Watch this space for a detailed report on the insights and implications from our discussion.


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Dream Big.

Everyone wants to be part of something bigger than themselves. The Schools Spectacular unites kids to be a part of the biggest performance of their lives.

The Schools Spectacular is one of the world’s largest showcases of youth talent, bringing together over 6,000 students from across NSW to take part in a breathtaking performance each year.

The event is a huge source of pride to the performers, teachers, staff and volunteers with many coming back year on year to watch or take part. Since its launch in 1984, the brand has grown exponentially in scale and ambition but its identity was campaign-driven and did not reflect the passion and creativity that The Schools Spectacular represents.



Through a collaborative process, we drew out the insights from the core team to define the strategic direction of The Schools Spectacular and define what the brand stands for.

Our final design celebrates the vibrancy and energy of the Schools Spectacular by capturing a collective ‘moment in the spotlight’. We communicate the amazing opportunities that are created by bringing people together for a common goal. It’s about shining bright, together.

Find out more on their website:



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Creating stand out, in-store with Abbott’s Village Bakery.

Landor first worked with Abbott’s Village Bakery in 2009, creating a premium brand that delivered the quality, provenance and authenticity craved by consumers.

Achieving great success and shaking up the category, 4 years later they approached us to help continue the momentum.


The refresh enabled us to convey more clearly the strong positioning of the brand – calling out the great tasting, quality ingredients and naturalness with impressive cut through on shelf.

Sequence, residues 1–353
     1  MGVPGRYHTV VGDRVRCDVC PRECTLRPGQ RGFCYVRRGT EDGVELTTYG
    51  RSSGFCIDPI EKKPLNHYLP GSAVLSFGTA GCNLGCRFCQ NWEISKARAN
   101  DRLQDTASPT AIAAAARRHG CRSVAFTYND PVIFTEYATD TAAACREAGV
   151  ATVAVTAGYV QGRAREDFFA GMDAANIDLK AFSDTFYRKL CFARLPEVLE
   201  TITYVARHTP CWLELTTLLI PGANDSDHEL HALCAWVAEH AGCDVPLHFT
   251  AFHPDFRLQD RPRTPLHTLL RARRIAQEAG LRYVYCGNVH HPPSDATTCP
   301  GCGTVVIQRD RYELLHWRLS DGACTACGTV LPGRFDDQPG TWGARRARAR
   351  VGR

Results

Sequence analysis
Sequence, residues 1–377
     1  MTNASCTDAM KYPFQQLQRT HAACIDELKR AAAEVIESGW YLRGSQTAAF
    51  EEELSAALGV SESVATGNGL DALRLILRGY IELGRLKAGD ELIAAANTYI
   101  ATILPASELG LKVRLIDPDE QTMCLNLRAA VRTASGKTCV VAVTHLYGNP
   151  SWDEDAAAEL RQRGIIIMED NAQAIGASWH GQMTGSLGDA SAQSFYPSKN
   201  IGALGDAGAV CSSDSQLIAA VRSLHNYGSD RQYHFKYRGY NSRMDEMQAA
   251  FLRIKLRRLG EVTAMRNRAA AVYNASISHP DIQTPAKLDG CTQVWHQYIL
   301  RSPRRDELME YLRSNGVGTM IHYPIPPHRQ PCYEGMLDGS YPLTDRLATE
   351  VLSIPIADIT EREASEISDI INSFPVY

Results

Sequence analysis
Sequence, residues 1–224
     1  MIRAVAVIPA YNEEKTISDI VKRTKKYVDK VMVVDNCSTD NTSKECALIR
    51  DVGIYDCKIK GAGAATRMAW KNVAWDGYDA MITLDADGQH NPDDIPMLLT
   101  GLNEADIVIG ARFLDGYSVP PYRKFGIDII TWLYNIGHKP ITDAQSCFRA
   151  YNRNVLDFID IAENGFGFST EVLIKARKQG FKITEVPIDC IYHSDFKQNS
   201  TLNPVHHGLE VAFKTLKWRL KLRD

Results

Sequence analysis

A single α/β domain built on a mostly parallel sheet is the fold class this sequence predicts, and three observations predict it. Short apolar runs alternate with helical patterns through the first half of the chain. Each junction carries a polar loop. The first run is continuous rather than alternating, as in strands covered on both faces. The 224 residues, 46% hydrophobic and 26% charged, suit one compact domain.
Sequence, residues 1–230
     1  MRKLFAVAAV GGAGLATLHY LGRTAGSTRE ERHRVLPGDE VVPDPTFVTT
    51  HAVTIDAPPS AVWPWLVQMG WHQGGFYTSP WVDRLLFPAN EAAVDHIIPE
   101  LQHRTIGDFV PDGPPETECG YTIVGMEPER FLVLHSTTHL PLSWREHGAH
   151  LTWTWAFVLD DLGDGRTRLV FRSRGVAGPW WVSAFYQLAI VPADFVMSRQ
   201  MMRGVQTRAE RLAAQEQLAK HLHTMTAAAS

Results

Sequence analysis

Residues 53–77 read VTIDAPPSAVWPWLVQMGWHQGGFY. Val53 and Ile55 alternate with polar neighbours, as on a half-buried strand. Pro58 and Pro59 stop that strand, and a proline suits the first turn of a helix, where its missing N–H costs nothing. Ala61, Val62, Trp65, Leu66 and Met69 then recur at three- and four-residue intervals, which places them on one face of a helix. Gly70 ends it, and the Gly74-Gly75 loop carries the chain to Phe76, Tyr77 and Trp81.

The brand has set a strong example of the impact design can have on shelf.


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What brand means for B2B organisations.

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Large B2B organisations are slow to react to our fast-moving world, and as such, are beginning to lack relevance and connection with their employees, customers and the wider business community. Find out what our study revealed…

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Insuring for the future.

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Life is made of random events, wrong combinations and dealing with the unknown. Why is it that some people fear this whilst others embrace it? It’s down to a mindset. A different way of looking at the world. It’s about being future confident.

IAG’s new strategy and identity needed to convey how the brand helps give everyone a confident future. The organisation’s scale, experience and expertise allows them to lead the market today and understand the opportunities and challenges that tomorrow will bring – allowing their customers, investors and staff to have the confidence to live their lives to the full, knowing they can rely on IAG to be there when they need them. The organisation sees the negative spaces and adapts to the future. They  focus on these negative spaces and connect the dots by giving flexible and intelligent solutions.


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Exploring new musical dimensions with an unconventional orchestra.


Momentum Ensemble is the Australian Youth Orchestra’s new group made up of Australia’s best young musicians on the cusp of their professional careers. The aim of the group is to democratise classical music by bringing new interpretations and partnerships to audiences beyond the traditional recital hall.

To communicate the AYO’s fresh approach, the Ensemble needed a dynamic and innovative new identity. Much like the musicians – stretching the notes and changing the way people see classical music – Landor designed a brand that would be a continually changing identity, adapting for each performance to reflect the unique content.